The next four chapters outline four factors that hurt boys’ academic progress. Authors address the tools teachers can use to support boys’ learning such as social/emotional development, literacy, learning through play, and school, family, and community partnerships. Many boys are discouraged by long curriculum which negatively affects their social/emotional development and also cause low self esteem and confidence. As a result, boys turn away from books and this trend may be severe and long lasting. Play and recess should not be ignored because replacing them with reading and writing means boys do not get adequate physical play. In other words, there is no language development if boys do not have time for spontaneous language expression, physical movement, and cannot develop social relationships.

Furthermore, even educators who focus on playtime often contradict themselves by reducing playing time and creating highly structured lessons. Play experiences enhance vocabulary, literacy, and social/emotional learning and even research studies prove they result in long term benefits. However, the partnership between school and families is a major factor in children’s academic success. Research shows that teachers become more sensitive and understanding of children, and parents become more supporting of children’s learning if both parties cooperate with each other and cement the partnership. Teachers can play an important role by promoting partnership between school and families.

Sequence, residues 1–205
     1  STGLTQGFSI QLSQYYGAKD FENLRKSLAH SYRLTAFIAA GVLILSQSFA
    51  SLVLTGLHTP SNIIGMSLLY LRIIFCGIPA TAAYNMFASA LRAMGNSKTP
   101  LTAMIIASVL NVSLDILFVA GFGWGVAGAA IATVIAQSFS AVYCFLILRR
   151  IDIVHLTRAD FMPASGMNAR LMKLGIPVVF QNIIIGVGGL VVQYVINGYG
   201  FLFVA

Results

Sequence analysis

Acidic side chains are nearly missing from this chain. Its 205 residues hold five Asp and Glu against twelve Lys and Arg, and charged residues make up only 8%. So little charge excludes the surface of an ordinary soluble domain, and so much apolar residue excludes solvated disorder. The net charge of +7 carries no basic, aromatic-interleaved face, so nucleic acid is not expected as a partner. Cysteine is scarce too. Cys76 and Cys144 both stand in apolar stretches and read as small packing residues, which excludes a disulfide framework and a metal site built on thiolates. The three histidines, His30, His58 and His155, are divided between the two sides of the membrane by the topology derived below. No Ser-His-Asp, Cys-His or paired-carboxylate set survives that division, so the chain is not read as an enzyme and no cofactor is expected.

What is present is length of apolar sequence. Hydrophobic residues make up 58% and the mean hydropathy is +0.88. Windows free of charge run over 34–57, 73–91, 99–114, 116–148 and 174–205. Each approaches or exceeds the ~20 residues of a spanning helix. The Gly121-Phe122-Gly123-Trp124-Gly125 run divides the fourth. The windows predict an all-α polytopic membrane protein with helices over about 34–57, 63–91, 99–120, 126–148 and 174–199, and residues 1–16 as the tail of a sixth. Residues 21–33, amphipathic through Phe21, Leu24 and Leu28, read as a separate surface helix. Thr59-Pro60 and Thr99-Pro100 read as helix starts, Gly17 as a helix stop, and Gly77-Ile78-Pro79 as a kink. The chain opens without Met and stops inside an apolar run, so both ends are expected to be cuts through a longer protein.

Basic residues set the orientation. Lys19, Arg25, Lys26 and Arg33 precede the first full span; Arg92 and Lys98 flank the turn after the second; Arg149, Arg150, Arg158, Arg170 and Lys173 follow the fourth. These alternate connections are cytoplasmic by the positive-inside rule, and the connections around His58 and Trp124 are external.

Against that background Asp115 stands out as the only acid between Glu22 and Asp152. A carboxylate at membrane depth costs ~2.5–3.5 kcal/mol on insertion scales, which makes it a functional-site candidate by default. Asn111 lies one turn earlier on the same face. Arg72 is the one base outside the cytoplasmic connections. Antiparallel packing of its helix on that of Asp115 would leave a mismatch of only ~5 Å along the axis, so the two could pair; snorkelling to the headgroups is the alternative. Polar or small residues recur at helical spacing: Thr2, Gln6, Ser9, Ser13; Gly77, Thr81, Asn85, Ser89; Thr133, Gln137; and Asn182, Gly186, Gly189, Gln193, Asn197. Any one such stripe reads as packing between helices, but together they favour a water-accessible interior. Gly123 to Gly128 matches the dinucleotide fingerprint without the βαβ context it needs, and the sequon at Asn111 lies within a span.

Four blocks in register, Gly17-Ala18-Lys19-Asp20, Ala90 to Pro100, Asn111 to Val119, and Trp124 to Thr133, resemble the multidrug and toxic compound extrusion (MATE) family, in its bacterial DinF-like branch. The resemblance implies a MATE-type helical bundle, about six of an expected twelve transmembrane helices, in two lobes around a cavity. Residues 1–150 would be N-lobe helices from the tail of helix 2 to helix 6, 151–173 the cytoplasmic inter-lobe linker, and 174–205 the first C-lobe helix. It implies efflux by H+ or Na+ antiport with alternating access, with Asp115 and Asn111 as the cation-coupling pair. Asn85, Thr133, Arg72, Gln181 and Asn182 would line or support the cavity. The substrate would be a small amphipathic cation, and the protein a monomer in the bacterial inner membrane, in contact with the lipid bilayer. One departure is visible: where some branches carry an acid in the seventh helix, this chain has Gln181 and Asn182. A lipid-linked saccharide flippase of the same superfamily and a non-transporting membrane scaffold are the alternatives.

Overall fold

The last chapter in the book offers suggestions to observe children in classroom settings in order to achieve goals mentioned in previous chapters. Running records, sociograms, and checklists are different methods of observing and recording children’s behavior. These observational tools allow teachers to gather information about children to better understand them. This allows teachers to focus their attention on gender differences as well as children’s unique identities. Teachers can help boys succeed in their academic life by tracking individual participation in physical activities,

Sprung et al. (2010) try to alleviate concerns of educators who worry about children’s learning in early years, especially boys. The author finishes the book by calling upon schools to pay more attention to boys’ interest and needs. Authors also suggest strategies to help children understand their individual capacities and gain confidence instead of turning into submissive recipients. This is a great book that will be of much use to all of the stakeholders such as teachers, parents, administrators and government because of the many insights it provides.

What I have learnt by reading this book is that academic struggle doesn’t always point out to a disability. Children may struggle due to too much curriculum, thus, it is the teachers’ job to understand individual differences among students. Even though there has been substantial progress in early childhood and elementary programs, the standards still do not reinforce child development and mental maturity. The educators should focus on the needs of the children and not on their own.

Reference

Sprung, B. & Froschl, M., & Gropper, N. (2010). Supporting boys’ learning: Strategies for teacher practice, pre-K-grade 3. New York: Teachers College Press.